Lecturer Jen Towns wrote a new book titled “Our Deepest Roots: Navigating Past Trauma to Build Healthier Queer Relationships.” Towns shares stories from her own personal and professional experiences as a trauma therapist, trauma survivor and queer woman to explore how trauma in childhood or adulthood — combined with being part of the queer community — can impact intimacy, attachment and our everyday interactions with those closest to us. The book, she says, “is neither exclusively memoir nor academic, but a gentle blending of the two.”
Professor William Elliott III spoke with St. Louis public radio about the transformational power of Child Development Accounts and the effect they can have on multi-generational poverty. One of the key things he’s learned, Elliott says, is that the way out of poverty lies along the path of asset accumulation. “Building assets allows people to build their full potential,” he says, “because it augments their ability to tackle the system.”
Associate Professor Katie Maguire-Jack has received 2023 Doctoral Student Organization Faculty Award .The Doctoral Student Organization bestows this award to a faculty mentor who has demonstrated exceptional commitment to mentoring, developing and supporting doctoral students.
Assistant Clinical Professor Justin Hodge was named the 2023 Student Union Teacher of the Year. This award is given by the School of Social Work students and recognizes faculty who have demonstrated commitment to improving DEI, made an outstanding and positive contribution to the School’s climate, and whose skills, dedication, understanding and caring have made a positive impact on students.
Professor Trina Shanks has received the 2023 Distinguished Faculty Award. This highly esteemed peer award recognizes governing faculty members who demonstrate excellence in domains including longevity of service to the School; national recognition in scholarship and service; excellence in teaching and mentoring; outstanding service to the School and the University; and contribution to the professional community.
Field Faculty and Lecturer Yatesha Robinson has received the 2023 Distinguished Lecturer Award. This highly esteemed peer award recognizes excellence in teaching and mentoring of students and the very highest ideal of a School of Social Work lecturer.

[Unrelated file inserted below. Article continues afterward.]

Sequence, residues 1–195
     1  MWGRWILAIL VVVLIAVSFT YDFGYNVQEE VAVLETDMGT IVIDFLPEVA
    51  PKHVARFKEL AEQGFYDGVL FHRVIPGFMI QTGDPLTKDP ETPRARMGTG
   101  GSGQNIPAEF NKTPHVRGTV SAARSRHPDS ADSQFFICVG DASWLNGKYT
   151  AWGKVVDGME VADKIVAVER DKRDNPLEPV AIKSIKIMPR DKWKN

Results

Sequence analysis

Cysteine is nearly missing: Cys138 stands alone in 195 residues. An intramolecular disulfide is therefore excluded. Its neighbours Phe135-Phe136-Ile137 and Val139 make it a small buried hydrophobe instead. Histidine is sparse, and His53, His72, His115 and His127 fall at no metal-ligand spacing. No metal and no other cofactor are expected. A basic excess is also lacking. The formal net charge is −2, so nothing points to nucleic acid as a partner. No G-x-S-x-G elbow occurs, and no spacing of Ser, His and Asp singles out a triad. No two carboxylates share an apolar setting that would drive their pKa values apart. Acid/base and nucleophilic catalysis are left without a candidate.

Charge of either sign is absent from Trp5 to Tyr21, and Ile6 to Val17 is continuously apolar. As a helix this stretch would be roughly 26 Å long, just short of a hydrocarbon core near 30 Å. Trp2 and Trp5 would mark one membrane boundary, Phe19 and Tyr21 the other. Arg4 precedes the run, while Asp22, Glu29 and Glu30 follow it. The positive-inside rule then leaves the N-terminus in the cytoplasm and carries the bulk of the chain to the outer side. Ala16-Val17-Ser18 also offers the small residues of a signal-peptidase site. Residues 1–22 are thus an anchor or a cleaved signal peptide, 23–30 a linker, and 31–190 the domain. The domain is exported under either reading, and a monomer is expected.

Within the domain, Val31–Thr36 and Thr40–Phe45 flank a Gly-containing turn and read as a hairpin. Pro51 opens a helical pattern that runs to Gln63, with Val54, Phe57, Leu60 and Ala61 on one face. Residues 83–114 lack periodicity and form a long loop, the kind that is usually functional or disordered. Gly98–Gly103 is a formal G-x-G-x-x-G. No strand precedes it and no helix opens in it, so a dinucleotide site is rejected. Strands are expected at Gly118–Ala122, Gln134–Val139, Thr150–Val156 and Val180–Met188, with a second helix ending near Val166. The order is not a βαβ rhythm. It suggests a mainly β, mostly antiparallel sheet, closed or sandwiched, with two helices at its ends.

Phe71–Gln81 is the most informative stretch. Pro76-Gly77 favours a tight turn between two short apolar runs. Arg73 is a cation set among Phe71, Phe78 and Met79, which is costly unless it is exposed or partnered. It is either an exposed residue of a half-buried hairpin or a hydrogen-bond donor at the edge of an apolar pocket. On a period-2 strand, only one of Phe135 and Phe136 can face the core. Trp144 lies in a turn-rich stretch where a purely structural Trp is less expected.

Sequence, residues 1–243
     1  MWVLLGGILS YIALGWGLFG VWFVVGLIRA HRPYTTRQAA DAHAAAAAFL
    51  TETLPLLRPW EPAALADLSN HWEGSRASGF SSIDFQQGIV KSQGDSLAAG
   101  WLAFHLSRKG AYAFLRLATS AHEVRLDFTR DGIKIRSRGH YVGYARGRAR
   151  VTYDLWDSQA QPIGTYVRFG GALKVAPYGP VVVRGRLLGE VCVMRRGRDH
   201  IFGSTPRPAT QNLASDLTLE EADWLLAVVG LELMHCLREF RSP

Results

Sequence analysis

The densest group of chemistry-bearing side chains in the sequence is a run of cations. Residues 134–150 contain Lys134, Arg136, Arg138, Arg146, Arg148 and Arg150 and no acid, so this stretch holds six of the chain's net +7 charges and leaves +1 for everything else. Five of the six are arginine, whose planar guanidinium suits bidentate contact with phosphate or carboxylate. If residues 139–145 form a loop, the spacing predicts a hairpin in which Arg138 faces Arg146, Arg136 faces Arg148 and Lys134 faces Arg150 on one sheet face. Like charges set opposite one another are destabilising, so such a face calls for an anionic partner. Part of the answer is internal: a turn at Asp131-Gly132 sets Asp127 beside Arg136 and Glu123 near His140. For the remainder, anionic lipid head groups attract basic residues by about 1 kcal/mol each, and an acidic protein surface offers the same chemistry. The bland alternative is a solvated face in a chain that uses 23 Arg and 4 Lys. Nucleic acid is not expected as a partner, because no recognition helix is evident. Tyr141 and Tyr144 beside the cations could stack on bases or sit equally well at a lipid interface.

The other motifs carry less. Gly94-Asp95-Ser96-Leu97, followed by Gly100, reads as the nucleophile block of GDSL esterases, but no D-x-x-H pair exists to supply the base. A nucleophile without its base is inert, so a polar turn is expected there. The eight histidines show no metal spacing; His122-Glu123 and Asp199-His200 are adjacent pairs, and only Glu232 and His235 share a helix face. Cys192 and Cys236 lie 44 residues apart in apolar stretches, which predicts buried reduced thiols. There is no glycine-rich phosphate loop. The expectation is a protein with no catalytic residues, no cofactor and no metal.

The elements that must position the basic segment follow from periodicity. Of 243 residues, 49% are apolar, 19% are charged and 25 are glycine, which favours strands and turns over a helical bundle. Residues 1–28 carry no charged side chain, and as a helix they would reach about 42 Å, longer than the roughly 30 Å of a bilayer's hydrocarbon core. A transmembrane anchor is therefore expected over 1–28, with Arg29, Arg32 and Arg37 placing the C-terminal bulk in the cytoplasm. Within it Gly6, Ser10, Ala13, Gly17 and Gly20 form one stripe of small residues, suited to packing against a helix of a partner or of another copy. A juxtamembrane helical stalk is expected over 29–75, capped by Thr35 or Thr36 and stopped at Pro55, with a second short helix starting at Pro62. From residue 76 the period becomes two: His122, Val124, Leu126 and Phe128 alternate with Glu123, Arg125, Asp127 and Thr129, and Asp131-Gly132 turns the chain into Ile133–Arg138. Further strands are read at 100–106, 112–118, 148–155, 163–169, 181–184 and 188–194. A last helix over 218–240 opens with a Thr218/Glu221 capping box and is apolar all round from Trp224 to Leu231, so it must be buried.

Professor Rich Tolman and the Michigan Father Practitioner Network have received a grant from the W. K. Kellogg Foundation aimed to increase the capacity of Michigan programs that engage and deliver services to fathers, improve the well-being of their children and support father involvement.
Professor Joe Ryan was quoted in the Michigan Chronicle about new protocols set by the Michigan Department of Health and Human Services as part of their Keep Kids Safe Action Agenda.
“MDHHS demonstrates a strong commitment to data-driven decisions to help keep children safe and guide the development of services for families,” he said. “Department actions such as increasing the number of family resource centers that provide critical services to vulnerable families and expanding home visiting programs are examples of efforts that are evidence-based and designed to strengthen families and help protect children in Michigan.”
Assistant Professor Lindsay Bornheimer and Research Project Coordinator Juliann Li Verdugo received a 2023 Undergraduate Research Opportunity Program (UROP) Outstanding Research Mentor Award.
Each year, UROP recognizes outstanding mentors who have exceeded expectations in providing opportunities and guidance to their UROP students. These exceptional mentors demonstrate an interest in the college experiences, academic goals and career plans of their students.
Bornheimer and Li Verdugo were nominated by their undergraduate student, Natasha Matta, and were honored during the UROP Spring Research Symposium.
Professor Luke Shaefer spoke with Michigan Advance about Rx Kids, a new program in Flint, Michigan, which will work to improve residents’ health by alleviating poverty in the state’s poorest city. The program, which is likely to begin in 2024, specifically focuses on maternal and infant health outcomes at a community level; every Flint resident who is pregnant will be eligible to receive direct cash payments during their pregnancy and throughout the first year of their child’s life. RxKids is a collaboration between Michigan State University and University of Michigan. Shaefer, who is the director of U-M’s Poverty Solutions, is working on the program’s launch.
“This is something where Flint becomes a leader for the nation; that’s a really powerful thing,” Shaefer said. “We’ve already spent time at the White House, at the U.S. Capitol, in Lansing, and I’ve never had a project like this where people get this happy,” Shaefer said. “I’ve been working in poverty for a long time, and I think the design of this and values imbued in it are fundamentally different than other efforts.”
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